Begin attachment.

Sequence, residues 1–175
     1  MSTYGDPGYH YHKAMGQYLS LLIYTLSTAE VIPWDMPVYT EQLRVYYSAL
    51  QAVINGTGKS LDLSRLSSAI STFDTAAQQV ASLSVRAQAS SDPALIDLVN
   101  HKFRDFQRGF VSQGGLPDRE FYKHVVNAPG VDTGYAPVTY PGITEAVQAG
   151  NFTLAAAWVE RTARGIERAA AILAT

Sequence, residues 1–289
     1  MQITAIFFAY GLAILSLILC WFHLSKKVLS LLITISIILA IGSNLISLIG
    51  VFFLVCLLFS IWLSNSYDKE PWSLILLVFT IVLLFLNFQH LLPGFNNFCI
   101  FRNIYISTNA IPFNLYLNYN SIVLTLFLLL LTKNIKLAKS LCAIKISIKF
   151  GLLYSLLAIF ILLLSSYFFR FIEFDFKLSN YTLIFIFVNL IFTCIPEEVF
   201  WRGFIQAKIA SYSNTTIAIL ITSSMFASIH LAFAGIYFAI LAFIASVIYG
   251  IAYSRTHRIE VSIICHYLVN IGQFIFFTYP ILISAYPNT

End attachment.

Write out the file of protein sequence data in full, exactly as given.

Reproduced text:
Sequence, residues 1–175
     1  MSTYGDPGYH YHKAMGQYLS LLIYTLSTAE VIPWDMPVYT EQLRVYYSAL
    51  QAVINGTGKS LDLSRLSSAI STFDTAAQQV ASLSVRAQAS SDPALIDLVN
   101  HKFRDFQRGF VSQGGLPDRE FYKHVVNAPG VDTGYAPVTY PGITEAVQAG
   151  NFTLAAAWVE RTARGIERAA AILAT

Sequence, residues 1–289
     1  MQITAIFFAY GLAILSLILC WFHLSKKVLS LLITISIILA IGSNLISLIG
    51  VFFLVCLLFS IWLSNSYDKE PWSLILLVFT IVLLFLNFQH LLPGFNNFCI
   101  FRNIYISTNA IPFNLYLNYN SIVLTLFLLL LTKNIKLAKS LCAIKISIKF
   151  GLLYSLLAIF ILLLSSYFFR FIEFDFKLSN YTLIFIFVNL IFTCIPEEVF
   201  WRGFIQAKIA SYSNTTIAIL ITSSMFASIH LAFAGIYFAI LAFIASVIYG
   251  IAYSRTHRIE VSIICHYLVN IGQFIFFTYP ILISAYPNT